15.10. Blotting Out the Memory of Amalek (17:14-16)
(14) Then the Lord said to Moses, “Inscribe this in a document as a reminder, and read it aloud to Joshua: I will utterly blot out the memory of Amalek from under heaven!”
(15) And Moses built an altar and named it Adonai-nissi.
(16) He said, “It means, ‘Hand upon the throne of the Lord!’ The Lord will be at war with Amalek throughout the ages.”
(14) Then the Lord said to Moses, “Inscribe this in a document as a reminder”: This is the first time in the Torah that we encounter an instruction to preserve memory by committing it to writing, instead of simple oral transmission. It is a document whose purpose is to preserve memory. Because the war with Amalek will last for many generations, a written record of it is needed to serve as a guide for the future.
And read it aloud to Joshua: Because Joshua is now commander in chief, it is essential for him to understand the meaning of this directive. The Midrash sees in this an allusion to the succession of leadership in the Jewish nation, which after Moses’ death, will pass to Joshua.
I will utterly blot out the memory of Amalek from under heaven! Joshua has only weakened Amalek. But God now confirms that this was just the beginning of the task, to be completed in due time, that will ultimately end with a total annihilation of Amalek.
I will utterly blot out: Later, in Deuteronomy, erasing the memory of Amalek is expressed as a solemn commandment that is binding on the entire Jewish nation. “When the Lord your God grants you safety from all your enemies around you … you shall blot out the memory of Amalek from under heaven. Do not forget!” (Deut. 25:19)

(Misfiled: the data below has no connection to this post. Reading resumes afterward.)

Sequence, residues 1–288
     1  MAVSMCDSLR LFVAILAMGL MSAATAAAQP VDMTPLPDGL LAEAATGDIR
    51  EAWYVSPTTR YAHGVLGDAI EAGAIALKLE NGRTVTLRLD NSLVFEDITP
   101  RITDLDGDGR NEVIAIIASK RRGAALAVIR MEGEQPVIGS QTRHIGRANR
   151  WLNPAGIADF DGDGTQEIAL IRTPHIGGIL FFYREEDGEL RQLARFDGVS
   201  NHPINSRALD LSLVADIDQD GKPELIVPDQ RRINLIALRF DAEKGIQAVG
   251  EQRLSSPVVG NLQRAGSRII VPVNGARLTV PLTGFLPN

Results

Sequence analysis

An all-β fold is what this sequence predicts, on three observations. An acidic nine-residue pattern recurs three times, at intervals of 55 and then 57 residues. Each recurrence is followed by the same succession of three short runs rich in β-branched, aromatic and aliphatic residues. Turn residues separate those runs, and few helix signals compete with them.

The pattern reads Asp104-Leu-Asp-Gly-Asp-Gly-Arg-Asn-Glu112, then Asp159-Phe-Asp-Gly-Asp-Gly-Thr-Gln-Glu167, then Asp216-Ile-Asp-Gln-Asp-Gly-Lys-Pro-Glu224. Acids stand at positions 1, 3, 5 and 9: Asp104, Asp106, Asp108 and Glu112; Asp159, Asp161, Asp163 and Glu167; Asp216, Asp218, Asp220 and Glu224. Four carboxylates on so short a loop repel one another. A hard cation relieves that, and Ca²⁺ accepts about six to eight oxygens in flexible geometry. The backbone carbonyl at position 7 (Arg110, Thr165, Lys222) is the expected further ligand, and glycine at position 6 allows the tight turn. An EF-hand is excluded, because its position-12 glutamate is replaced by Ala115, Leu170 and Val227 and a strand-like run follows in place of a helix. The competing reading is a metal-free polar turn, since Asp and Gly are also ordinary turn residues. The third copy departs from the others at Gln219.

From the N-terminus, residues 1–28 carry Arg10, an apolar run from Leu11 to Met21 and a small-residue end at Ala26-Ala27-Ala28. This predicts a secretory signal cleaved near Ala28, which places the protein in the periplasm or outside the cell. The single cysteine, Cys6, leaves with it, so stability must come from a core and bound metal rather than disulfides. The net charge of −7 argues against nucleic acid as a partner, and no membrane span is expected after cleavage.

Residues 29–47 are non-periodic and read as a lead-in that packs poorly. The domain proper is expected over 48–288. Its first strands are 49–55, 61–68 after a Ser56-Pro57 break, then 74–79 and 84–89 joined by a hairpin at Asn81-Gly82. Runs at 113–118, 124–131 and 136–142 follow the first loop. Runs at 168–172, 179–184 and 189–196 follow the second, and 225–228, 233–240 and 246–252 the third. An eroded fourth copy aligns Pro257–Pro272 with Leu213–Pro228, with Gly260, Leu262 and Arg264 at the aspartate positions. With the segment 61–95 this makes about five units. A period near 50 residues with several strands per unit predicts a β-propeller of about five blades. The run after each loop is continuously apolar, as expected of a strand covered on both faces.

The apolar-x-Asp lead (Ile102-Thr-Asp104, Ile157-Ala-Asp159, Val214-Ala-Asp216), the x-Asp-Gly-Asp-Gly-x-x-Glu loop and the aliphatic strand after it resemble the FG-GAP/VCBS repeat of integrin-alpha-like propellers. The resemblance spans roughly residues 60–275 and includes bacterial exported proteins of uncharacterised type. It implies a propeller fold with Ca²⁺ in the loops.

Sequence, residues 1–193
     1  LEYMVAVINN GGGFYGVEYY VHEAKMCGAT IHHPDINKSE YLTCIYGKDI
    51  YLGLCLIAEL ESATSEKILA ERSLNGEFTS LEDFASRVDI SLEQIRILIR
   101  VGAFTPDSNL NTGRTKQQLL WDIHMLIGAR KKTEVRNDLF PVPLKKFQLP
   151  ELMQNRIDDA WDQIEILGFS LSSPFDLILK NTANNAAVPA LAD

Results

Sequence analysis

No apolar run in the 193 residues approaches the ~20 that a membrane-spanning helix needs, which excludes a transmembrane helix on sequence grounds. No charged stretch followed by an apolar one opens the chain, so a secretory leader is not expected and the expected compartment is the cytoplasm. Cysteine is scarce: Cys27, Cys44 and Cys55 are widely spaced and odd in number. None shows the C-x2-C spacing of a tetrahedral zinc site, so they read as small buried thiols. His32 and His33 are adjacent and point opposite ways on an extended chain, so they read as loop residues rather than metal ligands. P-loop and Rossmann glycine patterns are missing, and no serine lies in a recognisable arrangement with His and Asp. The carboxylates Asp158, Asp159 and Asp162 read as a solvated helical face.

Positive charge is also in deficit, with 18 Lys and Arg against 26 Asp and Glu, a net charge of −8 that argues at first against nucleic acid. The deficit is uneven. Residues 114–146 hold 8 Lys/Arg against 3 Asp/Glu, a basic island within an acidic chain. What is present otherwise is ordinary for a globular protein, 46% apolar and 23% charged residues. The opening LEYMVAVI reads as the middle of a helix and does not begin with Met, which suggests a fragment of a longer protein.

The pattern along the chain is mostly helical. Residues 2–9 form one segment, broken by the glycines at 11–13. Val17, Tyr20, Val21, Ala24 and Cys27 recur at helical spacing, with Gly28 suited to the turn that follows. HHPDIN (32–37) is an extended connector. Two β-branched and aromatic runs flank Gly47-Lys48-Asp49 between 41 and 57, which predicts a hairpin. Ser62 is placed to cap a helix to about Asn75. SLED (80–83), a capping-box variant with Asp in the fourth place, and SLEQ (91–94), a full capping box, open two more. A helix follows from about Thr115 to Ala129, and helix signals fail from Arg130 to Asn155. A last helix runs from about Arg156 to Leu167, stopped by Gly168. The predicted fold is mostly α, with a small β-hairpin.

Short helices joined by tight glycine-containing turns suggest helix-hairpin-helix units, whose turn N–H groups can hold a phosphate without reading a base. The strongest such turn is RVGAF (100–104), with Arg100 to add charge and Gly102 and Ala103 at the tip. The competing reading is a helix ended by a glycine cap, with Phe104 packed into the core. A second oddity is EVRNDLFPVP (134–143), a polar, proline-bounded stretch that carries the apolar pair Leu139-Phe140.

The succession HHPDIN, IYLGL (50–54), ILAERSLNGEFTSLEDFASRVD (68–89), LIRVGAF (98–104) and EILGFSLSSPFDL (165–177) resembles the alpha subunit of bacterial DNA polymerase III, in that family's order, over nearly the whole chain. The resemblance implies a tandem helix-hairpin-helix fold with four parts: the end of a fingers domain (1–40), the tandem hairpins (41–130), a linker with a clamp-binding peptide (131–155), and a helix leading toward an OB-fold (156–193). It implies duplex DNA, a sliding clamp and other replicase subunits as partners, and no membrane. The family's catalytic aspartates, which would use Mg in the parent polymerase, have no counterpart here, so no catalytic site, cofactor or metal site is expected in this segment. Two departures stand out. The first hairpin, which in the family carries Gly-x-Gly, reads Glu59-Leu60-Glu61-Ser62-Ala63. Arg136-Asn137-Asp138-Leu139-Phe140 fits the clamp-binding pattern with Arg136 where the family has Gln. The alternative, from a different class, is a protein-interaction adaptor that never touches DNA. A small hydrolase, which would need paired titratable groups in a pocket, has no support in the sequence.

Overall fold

Here, however, God says, “I will utterly blot out the memory of Amalek from under heaven!” For now, God Himself assumes responsibility for this task.
I will utterly blot out the memory of Amalek: This is not about blotting out all memory of Amalek in the conventional sense. On the contrary, by being recorded in the Torah, this memory will remain forever. Rather, the “memory of Amalek” refers to the people who are living reminders of Amalek – his heirs, and the successors to his work. Those people must be destroyed.
From under heaven: In this world as we know it, the world that is “under heaven,” there is be no place for Amalek, the quintessential bearer of evil. But above heaven, in higher worlds, there is a place for everything, because there even evil plays a positive creative role.
(15) And Moses built an altar: As a means of reinforcing in the minds of the people a correct understanding of the events that have just taken place, Moses builds an altar of gratitude. Amalek “came” (17:8) because the Jews did not feel a connection with God. To correct this failing, Moses builds an altar and proclaims, “The Lord is my banner,” in order to give the people a stronger sense of God’s eternal presence, which is the basis for victory over Amalek. Whenever the Jewish nation falls short in their awareness of God’s presence among them, Amalek attacks.
And named it Adonai-nissi: “The Lord is my banner.” Only by turning to Heaven can the Jewish people be victorious. Moses’ hands are symbolic of this. His hands, raised to heaven in the heat of the battle, served as a banner for the Jewish people.
(16) He said, It means, ‘Hand upon the throne of the Lord!’: This wording is a typical formulation of an oath.
The Lord will be at war with Amalek throughout the ages: The nature of this war will be further revealed in Deuteronomy (25:17 ff.), where we will examine it in greater detail.